16 16 Percent of Hospitals* Finding Access to Various Types of Capital More Difficult, December/January 2009 Equity/Venture Capital Taxable Bonds Philanthropy Banks/Financial Services Companies Tax-exempt Bonds In a December survey, many hospitals reported that it was significantly more difficult or even impossible to access tax-exempt bonds and other sources of capital to make improvements. Source: AHA. (January 2009). Rapid Response Survey, Report on the Capital Crisis: Impact on Hospitals. *Excludes those hospitals indicating that they dont use that source of capital.

17 17 Nearly all hospitals report that the capital situation is either not improving or getting worse. Percent of Hospitals Reporting Change in Ability to Access Capital Since December 2008 Source: AHA. (March 2009). Rapid Response Survey, The Economic Crisis: Ongoing Monitoring of Impact on Hospitals.

18 18 Nearly eight of 10 hospitals have stopped, postponed or scaled back projects planned or already in progress. Percent of Hospitals Reducing Expenditures on Capital Projects because of the Capital Crisis Beginning Early in 2008 Source: AHA. (March 2009). Rapid Response Survey, The Economic Crisis: Ongoing Monitoring of Impact on Hospitals. *Includes any hospital reporting that it had scaled back, decided not to move forward with or stopped projects planned or already in process.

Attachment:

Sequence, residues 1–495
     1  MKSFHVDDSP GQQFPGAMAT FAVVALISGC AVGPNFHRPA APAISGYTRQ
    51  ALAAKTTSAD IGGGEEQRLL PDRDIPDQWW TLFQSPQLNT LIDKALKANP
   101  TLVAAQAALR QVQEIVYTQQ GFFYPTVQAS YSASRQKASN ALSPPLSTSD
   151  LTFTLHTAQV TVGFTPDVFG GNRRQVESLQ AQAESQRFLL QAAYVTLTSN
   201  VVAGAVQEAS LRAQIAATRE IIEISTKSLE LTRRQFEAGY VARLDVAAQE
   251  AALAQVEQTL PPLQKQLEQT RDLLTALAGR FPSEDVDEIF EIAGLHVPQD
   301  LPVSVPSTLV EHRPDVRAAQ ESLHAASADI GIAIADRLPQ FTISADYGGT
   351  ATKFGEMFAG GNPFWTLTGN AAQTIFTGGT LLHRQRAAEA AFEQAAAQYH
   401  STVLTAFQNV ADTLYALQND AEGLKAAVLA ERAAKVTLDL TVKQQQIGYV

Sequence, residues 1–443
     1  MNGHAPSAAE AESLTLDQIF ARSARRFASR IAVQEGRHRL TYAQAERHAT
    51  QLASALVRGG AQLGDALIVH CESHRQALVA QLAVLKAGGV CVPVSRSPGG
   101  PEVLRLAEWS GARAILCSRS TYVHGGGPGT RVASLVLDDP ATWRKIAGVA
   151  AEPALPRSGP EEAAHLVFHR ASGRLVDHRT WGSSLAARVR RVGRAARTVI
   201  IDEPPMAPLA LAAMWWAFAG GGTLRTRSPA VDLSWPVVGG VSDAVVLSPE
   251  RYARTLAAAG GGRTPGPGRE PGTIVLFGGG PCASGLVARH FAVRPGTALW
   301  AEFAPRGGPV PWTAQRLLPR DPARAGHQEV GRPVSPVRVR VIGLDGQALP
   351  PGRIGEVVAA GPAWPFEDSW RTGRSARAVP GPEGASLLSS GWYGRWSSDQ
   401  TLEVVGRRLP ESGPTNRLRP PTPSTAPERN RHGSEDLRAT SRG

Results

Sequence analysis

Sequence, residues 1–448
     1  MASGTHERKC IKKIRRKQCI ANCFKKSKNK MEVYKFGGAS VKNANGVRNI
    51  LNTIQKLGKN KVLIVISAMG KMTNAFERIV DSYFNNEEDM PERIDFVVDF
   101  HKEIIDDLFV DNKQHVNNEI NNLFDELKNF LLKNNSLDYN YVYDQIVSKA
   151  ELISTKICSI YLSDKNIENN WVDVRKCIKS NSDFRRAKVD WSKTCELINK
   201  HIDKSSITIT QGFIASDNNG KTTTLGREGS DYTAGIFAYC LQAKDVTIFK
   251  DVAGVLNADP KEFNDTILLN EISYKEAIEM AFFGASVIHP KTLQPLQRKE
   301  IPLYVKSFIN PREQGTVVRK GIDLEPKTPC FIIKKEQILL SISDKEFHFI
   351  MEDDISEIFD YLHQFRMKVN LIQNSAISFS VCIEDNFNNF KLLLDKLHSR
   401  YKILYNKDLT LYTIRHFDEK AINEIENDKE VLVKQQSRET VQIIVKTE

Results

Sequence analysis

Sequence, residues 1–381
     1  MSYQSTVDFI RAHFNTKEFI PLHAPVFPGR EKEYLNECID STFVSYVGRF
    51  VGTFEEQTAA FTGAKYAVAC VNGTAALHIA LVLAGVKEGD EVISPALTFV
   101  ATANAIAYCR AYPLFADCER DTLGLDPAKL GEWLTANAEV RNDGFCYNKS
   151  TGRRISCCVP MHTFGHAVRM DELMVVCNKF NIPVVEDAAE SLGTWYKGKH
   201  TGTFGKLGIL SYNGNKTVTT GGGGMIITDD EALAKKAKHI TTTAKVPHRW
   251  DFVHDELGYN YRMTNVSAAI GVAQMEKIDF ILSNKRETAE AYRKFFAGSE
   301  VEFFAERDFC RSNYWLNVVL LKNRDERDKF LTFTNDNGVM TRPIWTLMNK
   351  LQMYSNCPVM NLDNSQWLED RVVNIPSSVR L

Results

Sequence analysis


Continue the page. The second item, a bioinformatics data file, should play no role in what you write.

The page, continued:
19 19 Projects scaled back or eliminated include facility upgrades as well as clinical and information technology. Percent of Hospitals Reporting a Change in Capital Plans since Capital Crisis Began in Early 2008 Source: AHA. (March 2009). Rapid Response Survey, The Economic Crisis: Ongoing Monitoring of Impact on Hospitals.

20 20 Stress on physicians is evident as more are seeking the financial support of hospitals. Percent of Hospitals Reporting an Increase in the Degree to which Physicians are Seeking Financial Support from Hospitals Since Economic Conditions Began to Deteriorate in September 2008 Source: AHA. (March 2009). Rapid Response Survey, The Economic Crisis: Ongoing Monitoring of Impact on Hospitals. Percent of Above Citing Type of Support Sought